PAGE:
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I think I have a very simple question, but I am very confused about it right now.

Given is a discrete sequence \$x[n]\$, for simplicity we say its finite and of length \$N\$. Then we know that the energy of this signal is given as \$E = \sum_{n = 0}^N x[n]^2\$ and its power is given as \$P = \frac 1 N E\$ (since it's finite).

Now here are some things that confused me. Assume we upsample the signal. The energy would be the same, since we only insert 0s. But inserting 0s increases \$N\$, hence we would reduce the power. This cannot make sense... so where is my error here?

Regards

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    \$\begingroup\$ Average power per sample decreases as N increases. \$\endgroup\$ – TicTacToe Oct 21 '15 at 10:18
  • \$\begingroup\$ @zola - consider elaborating and making a proper answer. \$\endgroup\$ – Andy aka Oct 21 '15 at 10:22
  • \$\begingroup\$ Although you got an answer already, questions like this are a good fit for DSP.SE as well. \$\endgroup\$ – Jason R Oct 21 '15 at 13:05
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Your basic mistake is that power is energy per sample. Power is energy per time. In other words, P = E/t, not P = E/N as you used.

Resampling at a different rate doesn't change the time duration of the signal (t in the equation above). Resampling at a lower sample rate, for example, decreases the number of sample, but also increases the energy per sample.

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  • \$\begingroup\$ I think that dearomatic talks about the discrete-time. \$\endgroup\$ – Junior Jan 11 '16 at 12:07
  • \$\begingroup\$ @Junior: I think he's asking about the power in the real signals represented by the samples. \$\endgroup\$ – Olin Lathrop Jan 11 '16 at 12:30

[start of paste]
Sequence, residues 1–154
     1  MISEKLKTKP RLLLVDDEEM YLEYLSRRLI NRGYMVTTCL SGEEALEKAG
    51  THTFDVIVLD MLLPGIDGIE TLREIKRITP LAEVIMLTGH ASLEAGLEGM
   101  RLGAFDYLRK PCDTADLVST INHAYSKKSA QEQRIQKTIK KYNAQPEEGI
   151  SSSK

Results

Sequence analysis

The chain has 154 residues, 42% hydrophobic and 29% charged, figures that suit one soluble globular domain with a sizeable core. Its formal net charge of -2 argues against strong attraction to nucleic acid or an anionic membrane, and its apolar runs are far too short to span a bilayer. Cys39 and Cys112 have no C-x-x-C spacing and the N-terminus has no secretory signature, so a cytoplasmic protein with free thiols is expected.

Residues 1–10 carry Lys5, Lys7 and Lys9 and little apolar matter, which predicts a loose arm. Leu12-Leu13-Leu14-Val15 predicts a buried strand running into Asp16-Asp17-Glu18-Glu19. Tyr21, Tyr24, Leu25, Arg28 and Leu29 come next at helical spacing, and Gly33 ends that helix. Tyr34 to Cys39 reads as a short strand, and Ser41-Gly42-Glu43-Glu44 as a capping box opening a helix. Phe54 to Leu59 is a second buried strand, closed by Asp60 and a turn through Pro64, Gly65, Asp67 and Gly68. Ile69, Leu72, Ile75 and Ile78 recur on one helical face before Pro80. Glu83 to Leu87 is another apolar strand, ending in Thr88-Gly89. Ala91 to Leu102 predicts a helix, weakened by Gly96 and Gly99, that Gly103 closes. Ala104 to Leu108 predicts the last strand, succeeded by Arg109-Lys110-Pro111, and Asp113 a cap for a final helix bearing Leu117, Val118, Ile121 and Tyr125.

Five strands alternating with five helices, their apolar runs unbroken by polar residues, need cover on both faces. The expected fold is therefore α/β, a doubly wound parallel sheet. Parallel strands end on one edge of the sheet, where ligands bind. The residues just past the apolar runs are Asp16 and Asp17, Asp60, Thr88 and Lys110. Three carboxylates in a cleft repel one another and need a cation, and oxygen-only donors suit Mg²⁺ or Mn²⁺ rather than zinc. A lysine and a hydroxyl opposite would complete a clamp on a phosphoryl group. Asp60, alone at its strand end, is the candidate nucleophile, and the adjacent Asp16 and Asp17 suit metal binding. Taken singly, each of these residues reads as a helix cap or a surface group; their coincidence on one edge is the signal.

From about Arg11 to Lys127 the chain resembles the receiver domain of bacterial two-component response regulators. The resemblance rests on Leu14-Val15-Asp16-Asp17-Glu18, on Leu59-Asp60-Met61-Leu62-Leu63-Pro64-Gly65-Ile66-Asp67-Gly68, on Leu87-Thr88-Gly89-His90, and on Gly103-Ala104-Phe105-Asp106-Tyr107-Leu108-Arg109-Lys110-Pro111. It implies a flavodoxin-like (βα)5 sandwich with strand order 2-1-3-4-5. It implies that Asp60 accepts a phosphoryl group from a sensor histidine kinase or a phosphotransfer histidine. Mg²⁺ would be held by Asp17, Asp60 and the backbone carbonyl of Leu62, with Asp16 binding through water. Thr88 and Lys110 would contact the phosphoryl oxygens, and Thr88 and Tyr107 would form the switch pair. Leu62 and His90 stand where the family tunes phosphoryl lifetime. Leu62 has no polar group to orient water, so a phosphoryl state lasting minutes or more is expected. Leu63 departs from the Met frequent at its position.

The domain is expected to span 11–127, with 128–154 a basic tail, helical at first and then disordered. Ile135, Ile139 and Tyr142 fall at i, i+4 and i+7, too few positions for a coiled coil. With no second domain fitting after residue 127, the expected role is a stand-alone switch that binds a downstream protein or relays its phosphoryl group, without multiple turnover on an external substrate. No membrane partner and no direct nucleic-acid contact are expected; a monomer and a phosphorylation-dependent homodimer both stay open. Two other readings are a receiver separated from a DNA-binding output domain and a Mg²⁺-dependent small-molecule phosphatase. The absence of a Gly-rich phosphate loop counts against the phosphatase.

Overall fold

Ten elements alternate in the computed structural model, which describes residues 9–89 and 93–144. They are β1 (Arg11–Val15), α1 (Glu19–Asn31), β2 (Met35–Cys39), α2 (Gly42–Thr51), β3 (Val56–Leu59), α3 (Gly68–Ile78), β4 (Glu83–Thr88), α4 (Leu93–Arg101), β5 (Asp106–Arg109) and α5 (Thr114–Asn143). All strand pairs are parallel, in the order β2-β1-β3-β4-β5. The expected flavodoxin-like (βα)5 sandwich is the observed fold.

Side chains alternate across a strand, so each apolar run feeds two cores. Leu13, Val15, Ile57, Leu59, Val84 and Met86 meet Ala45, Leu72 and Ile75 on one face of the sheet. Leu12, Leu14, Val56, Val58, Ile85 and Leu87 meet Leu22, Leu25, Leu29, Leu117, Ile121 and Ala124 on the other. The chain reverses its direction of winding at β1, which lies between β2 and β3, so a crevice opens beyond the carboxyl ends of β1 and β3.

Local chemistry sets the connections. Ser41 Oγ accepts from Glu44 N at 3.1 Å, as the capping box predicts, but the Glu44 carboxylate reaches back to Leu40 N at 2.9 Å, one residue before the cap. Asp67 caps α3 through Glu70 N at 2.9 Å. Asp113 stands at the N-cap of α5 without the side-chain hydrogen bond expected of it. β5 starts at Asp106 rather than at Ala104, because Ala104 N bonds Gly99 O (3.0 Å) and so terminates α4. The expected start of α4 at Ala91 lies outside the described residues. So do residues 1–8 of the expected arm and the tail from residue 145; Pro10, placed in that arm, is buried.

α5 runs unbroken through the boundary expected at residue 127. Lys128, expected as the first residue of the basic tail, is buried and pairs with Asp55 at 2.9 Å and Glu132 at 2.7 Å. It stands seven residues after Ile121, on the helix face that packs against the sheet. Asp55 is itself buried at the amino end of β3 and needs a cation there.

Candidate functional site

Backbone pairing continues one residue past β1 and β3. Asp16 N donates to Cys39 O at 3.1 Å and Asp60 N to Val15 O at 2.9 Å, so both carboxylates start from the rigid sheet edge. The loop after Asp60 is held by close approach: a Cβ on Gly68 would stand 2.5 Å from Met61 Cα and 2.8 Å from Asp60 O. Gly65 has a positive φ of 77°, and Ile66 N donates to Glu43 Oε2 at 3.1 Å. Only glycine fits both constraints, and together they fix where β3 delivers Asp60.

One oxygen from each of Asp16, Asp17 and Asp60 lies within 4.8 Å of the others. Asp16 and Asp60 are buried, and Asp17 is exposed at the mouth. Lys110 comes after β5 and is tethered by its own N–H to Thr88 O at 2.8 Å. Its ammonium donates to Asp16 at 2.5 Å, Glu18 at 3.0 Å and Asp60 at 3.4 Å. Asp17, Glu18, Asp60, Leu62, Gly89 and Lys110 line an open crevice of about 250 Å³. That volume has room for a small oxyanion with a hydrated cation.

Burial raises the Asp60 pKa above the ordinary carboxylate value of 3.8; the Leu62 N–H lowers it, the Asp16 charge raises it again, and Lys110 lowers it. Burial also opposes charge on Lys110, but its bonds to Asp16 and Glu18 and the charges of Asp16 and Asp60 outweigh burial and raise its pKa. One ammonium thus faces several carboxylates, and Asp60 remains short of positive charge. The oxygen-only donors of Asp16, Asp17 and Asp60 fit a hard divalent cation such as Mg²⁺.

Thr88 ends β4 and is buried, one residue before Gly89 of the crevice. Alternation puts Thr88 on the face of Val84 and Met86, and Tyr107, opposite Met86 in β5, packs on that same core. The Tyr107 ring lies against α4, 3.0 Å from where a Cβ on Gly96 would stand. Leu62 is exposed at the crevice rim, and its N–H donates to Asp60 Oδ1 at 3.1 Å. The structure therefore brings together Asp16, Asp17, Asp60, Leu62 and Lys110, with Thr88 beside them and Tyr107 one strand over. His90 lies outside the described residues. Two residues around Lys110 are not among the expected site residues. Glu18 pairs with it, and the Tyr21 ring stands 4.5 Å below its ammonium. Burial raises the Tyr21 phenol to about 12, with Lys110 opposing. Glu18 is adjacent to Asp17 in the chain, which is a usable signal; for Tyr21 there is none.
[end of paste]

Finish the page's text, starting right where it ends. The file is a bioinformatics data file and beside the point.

• \$\begingroup\$ While I completely agree with your physical argument, power of a real world signal shouldn't depend on the sample rate, I think your argument has a flaw: if you look carefully, the measure in the integral defining \$E\$ has time also, so the choice of units of time do indeed cancel out, leaving \$1/N\$. See my answer for details. \$\endgroup\$ – Timo Jan 11 '16 at 14:27
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Olin is not right.

N is not t in the discrete-time. N is the number of (squared) discrete samples you sum together. There is no concept of absolute time in the discrete-time; there are only integer sample indices with nothing in between. Inserting N-1 zero samples between samples, changes the measured power irrespective over the sample size you measure over, but the total energy or energy per sample does not change.

Down-sampling does the opposite. The energy is reduced, but power stays the same.

See http://www.ee.ic.ac.uk/hp/staff/dmb/courses/DSPDF/01100_Multirate.pdf for details.

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  • \$\begingroup\$ I took the OP's question as asking about the real world signals that the samples represent. You seem to be talking about more theoretical discrete sampling theory "power", which is just going to confuse the OP. \$\endgroup\$ – Olin Lathrop Jan 11 '16 at 12:25